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Hands joined signifying team unity.
Hands joined signifying team unity. New Africa/Shutterstock

Student-Led Organizations: Get Involved

Seven years ago, my elementary guidance counselor suggested I join the school's student government. I have been a member ever since. Three years ago, a community leader approached me during one of my school's student government meetings. She offered me a position on the city government's youth advisory board. Five months ago, through that local board, I was made aware of a state program, and eventually applied and got accepted into the program. This is where I met Ananda Chatterjee, who invited me to become a project member on Generation Z Media. 

Among all of these occurrences, there is one common denominator—a single shared factor—that opened the doors for building new connections, and paved the way for creating many valuable opportunities. It was this one unique underlying influence that has shaped the entirety of my school career and my academic outcomes. Do you have any guess as to what it may be? 

Student-led organizations. 

Student-led organizations have helped me expand my social circle and build a successful academic portfolio. And, more importantly, they have taught me necessary character skills toward being successful as an individual. To name just a few skills: 

Collaboration and leadership. 

Student-led organizations challenge students to work together to tackle relevant issues. It was during the Vietnam War that a common goal for peace united students in battling a legal challenge dragging out to the highest court of the land, and eventually ended in a hard-earned victory for the unwavering youth movement. Through bold leadership and collaboration with community leaders, the five-member student movement fought for their right to freedom of expression, and preserved that right for themselves and the entire nation's public schooling. 


Students leading organizations often come together under a common goal. Advocacy of peace in Vietnam (and by extension, freedom of expression) was the common goal of the students in the example of Tinker v. Des Moines. However, it is not necessarily usual for student-led organizations to have a national goal to guide their ambitions. Goals for student-led organizations need to resonate with youth, meaning talented and intelligent students must cautiously consider appropriate goals, requiring out-of-the-box thinking. Student-led organizations push for creativity in youth.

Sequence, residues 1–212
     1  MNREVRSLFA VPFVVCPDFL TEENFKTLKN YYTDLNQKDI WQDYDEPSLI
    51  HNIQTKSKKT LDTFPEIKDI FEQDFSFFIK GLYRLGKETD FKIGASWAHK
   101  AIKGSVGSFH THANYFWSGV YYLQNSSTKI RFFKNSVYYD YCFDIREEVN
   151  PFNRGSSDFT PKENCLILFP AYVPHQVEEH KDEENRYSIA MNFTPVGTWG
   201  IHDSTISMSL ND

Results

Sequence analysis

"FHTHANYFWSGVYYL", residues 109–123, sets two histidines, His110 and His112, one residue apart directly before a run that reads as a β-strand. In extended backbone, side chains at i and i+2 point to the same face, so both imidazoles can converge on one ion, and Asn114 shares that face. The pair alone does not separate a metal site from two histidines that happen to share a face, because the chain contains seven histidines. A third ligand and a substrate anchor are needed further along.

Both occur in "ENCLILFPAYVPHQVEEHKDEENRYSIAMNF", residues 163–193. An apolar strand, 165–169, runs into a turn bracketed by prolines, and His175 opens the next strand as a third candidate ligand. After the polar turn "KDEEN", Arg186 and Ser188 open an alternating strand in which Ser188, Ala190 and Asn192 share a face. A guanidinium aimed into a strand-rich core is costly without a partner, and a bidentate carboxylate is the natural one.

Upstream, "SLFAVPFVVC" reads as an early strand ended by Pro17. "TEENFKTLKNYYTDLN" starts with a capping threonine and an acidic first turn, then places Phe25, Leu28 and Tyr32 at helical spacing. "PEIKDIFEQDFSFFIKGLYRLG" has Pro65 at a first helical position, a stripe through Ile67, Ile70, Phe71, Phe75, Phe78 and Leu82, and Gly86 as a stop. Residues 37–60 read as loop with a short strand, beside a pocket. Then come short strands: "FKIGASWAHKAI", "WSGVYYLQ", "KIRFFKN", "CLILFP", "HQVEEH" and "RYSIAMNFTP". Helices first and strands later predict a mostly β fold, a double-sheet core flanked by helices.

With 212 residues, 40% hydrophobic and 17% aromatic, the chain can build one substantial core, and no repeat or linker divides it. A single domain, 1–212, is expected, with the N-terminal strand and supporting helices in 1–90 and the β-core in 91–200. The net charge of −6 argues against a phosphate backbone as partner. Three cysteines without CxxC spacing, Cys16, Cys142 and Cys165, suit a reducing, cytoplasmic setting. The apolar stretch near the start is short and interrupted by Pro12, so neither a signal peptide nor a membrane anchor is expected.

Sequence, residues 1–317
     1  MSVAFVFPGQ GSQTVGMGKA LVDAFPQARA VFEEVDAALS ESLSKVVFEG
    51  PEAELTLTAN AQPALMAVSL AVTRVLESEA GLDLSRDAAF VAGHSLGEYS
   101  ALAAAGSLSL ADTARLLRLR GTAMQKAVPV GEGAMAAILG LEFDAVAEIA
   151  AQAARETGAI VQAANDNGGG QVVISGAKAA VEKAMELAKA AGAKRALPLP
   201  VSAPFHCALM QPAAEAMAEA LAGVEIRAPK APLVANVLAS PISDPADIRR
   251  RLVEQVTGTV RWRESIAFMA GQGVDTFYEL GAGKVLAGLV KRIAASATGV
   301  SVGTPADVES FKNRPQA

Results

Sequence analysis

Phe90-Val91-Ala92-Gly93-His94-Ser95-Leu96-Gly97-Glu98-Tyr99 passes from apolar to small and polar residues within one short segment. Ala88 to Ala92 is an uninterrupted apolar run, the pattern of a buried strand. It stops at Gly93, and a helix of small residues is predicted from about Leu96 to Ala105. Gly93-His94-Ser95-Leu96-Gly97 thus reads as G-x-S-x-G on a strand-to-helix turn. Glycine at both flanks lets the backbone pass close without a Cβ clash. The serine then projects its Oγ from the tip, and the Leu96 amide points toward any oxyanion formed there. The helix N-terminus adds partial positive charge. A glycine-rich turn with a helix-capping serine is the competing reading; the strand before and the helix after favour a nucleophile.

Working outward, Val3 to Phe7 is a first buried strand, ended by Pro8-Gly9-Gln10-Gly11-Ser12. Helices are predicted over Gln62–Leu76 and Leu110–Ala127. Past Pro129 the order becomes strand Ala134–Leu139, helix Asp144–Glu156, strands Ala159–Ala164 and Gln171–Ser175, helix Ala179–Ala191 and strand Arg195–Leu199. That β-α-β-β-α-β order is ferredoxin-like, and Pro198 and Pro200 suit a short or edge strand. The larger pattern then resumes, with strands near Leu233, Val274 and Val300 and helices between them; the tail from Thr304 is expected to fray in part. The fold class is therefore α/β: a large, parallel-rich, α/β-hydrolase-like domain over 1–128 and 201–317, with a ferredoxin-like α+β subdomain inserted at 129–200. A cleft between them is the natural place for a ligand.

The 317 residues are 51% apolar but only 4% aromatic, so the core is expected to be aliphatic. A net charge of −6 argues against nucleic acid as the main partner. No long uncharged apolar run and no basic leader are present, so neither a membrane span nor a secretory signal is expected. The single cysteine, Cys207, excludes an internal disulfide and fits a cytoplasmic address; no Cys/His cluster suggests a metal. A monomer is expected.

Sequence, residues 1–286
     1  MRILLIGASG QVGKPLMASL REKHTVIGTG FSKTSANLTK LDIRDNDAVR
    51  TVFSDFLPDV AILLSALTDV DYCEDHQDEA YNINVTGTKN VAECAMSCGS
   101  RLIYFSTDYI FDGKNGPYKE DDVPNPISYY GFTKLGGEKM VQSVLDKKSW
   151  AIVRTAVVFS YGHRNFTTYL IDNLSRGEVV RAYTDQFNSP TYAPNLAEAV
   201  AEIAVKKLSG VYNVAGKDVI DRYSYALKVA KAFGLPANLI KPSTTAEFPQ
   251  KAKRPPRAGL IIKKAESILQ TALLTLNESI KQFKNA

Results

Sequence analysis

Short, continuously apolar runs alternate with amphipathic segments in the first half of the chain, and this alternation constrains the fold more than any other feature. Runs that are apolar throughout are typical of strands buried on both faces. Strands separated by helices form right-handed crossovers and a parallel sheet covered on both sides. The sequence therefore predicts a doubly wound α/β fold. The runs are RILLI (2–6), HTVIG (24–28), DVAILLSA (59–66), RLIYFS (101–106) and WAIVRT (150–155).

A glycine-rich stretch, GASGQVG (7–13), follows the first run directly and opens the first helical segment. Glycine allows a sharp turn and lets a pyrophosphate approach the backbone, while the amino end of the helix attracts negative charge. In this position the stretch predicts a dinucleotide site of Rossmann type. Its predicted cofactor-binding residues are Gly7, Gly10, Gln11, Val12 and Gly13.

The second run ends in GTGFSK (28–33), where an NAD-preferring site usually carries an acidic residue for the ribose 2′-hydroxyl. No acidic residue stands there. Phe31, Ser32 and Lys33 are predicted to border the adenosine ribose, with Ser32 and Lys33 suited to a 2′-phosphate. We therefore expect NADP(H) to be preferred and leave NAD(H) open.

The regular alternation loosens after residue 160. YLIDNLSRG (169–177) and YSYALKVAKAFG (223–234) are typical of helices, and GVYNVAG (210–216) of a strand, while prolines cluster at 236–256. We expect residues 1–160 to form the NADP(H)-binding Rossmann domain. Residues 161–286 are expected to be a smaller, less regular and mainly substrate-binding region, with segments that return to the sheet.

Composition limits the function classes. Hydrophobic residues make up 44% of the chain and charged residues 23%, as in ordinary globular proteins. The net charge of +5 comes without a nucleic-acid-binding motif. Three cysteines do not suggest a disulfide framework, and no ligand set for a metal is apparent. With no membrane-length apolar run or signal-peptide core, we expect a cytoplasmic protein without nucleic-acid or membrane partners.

Junior State of America, for example, is a relatively new student-led organization that advocates for youth participation in democracy.  Organized in all parts of the country, students collaborate to brainstorm creative methods of expanding voting in local, state, and national elections to all up-and-coming voters. Chapters of the organization coordinate voter-registration drives in schools and host conferences for students to discuss pressing issues at all levels of democracy. Since its creation, Junior State of America has over 500,000 student members and has been supported by the likes of personalities such as Colin Powell and Ralph Nader. In another example, Generation Z Media, founded and led by students, aims to shine light on pressing and unique issues facing youth to encourage informed and involved Generation Z'ers. Founded less than a year ago, the organization has already begun a successful campaign to spread awareness on youth poverty in Florida’s state capital, and has since expanded operations to both coasts of Florida as well as three other states.

Get Involved.

The importance of student-led organizations is undeniable. The number of clubs in schools, social media groups, and community gatherings all geared toward students is evident of our instinct as youth for desiring to organize as a collective. Unity is strength; division is weakness.  

If you're looking to speak out, or to advocate for a goal, or to simply get involved in your school or community, do not go at it alone. Reach out to friends, siblings, or classmates. Lead a coalition that will help spearhead your organization. You may end up building a movement that goes on to change the world.